Antonio Banderas is Zorro for Halloween this year … again.
Banderas and Catherine Zeta-Jones gaze at their uncertain future in Legend of Zorro.
Credit: Ben Breier
The Legend of Zorro
Starring Antonio Banderas, Catherine Zeta-Jones, Rufus Sewell
Directed by Martin Campbell
Released by Columbia Pictures
Stater rating (out of four): ***
Mask of Zorro was released seven years ago, and though you probably don’t remember the plot of that swashbuckler, chances are, you remember it being a pretty good popcorn action flick that appealed to both women and men. Today, the same can be said of its sequel, Legend of Zorro.
Antonio Banderas and Catherine Zeta-Jones reunite here with the director of the first film, Martin Campbell, to tell a different kind of story.
Where the first film was all about the discovery of who Zorro is and what his myth was about, Legend of Zorro asks the question: “What happens when legends have run their course?”
Alejandro (Banderas) and Elena (Zeta-Jones) are having marital difficulties because of Alejandro’s reluctance to give up his alter ego Zorro. Elena thinks now that California is officially a state, Zorro is no longer needed and Alejandro isn’t spending enough time with his son. But Alejandro wants to wear the mask a few more months.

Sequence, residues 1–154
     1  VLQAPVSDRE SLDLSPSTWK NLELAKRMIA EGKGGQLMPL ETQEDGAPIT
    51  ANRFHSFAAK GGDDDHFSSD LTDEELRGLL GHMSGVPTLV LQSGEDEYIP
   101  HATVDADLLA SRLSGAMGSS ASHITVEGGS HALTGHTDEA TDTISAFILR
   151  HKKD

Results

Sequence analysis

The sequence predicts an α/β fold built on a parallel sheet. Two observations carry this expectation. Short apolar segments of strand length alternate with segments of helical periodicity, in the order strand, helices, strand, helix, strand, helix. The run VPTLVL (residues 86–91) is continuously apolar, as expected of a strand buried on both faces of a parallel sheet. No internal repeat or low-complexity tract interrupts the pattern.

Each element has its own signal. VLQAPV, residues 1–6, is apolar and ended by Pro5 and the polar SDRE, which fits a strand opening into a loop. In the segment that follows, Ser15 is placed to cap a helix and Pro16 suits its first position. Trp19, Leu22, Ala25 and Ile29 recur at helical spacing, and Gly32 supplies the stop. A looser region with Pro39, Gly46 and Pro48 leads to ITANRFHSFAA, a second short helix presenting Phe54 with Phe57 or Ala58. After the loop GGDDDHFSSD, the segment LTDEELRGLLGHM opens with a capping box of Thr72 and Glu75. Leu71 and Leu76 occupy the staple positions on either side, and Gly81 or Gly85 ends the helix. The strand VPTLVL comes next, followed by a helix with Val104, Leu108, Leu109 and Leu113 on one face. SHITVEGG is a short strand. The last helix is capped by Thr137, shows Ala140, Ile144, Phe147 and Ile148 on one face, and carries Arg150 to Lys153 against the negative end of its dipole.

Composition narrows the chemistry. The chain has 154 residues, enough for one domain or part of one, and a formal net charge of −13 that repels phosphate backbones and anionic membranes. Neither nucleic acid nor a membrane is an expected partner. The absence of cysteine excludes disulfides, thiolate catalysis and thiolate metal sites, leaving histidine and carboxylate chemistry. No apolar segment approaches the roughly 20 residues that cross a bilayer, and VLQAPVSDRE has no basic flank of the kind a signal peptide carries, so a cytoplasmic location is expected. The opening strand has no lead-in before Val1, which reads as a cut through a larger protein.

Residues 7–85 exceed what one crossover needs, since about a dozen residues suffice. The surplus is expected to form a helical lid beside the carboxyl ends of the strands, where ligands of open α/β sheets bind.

Feeling betrayed, Elena files for divorce from Alejandro, who spends months moping and drinking, but remains too proud to apologize. Elena apparently moves on with the dashing Armand (Rufus Sewell), but things turn out to be a bit more complicated than they seem, and a subplot to destroy the world with soap (I kid you not) takes center stage at the halfway point.
I was pleasantly surprised to see that Banderas and Zeta-Jones still have all the chemistry they shared in the first film, and though the main plot is very adult in nature there are plenty of jokes supplied by Alejandro and Elena’s son Joaquin.
While the romantic stuff will cause the ladies in the audience to swoon, the action sequences are expertly done as well. How refreshing to see a major studio release not completely surrender to using CGI for all action, instead relying on stuntmen and miniatures to make the setpieces seem real.
Especially impressive is the entire final act of the film, which takes place above, on, inside and below a speeding train. This scene is refreshingly different from other movies’ train scenes, such as Wild Wild West.
Legend of Zorro won’t win any awards next spring, but it is great action fun with two likeable actors giving great performances that appeal to men and women of any age. Get in on the adventure.
Contact ALL correspondent Robert Taylor at [email protected]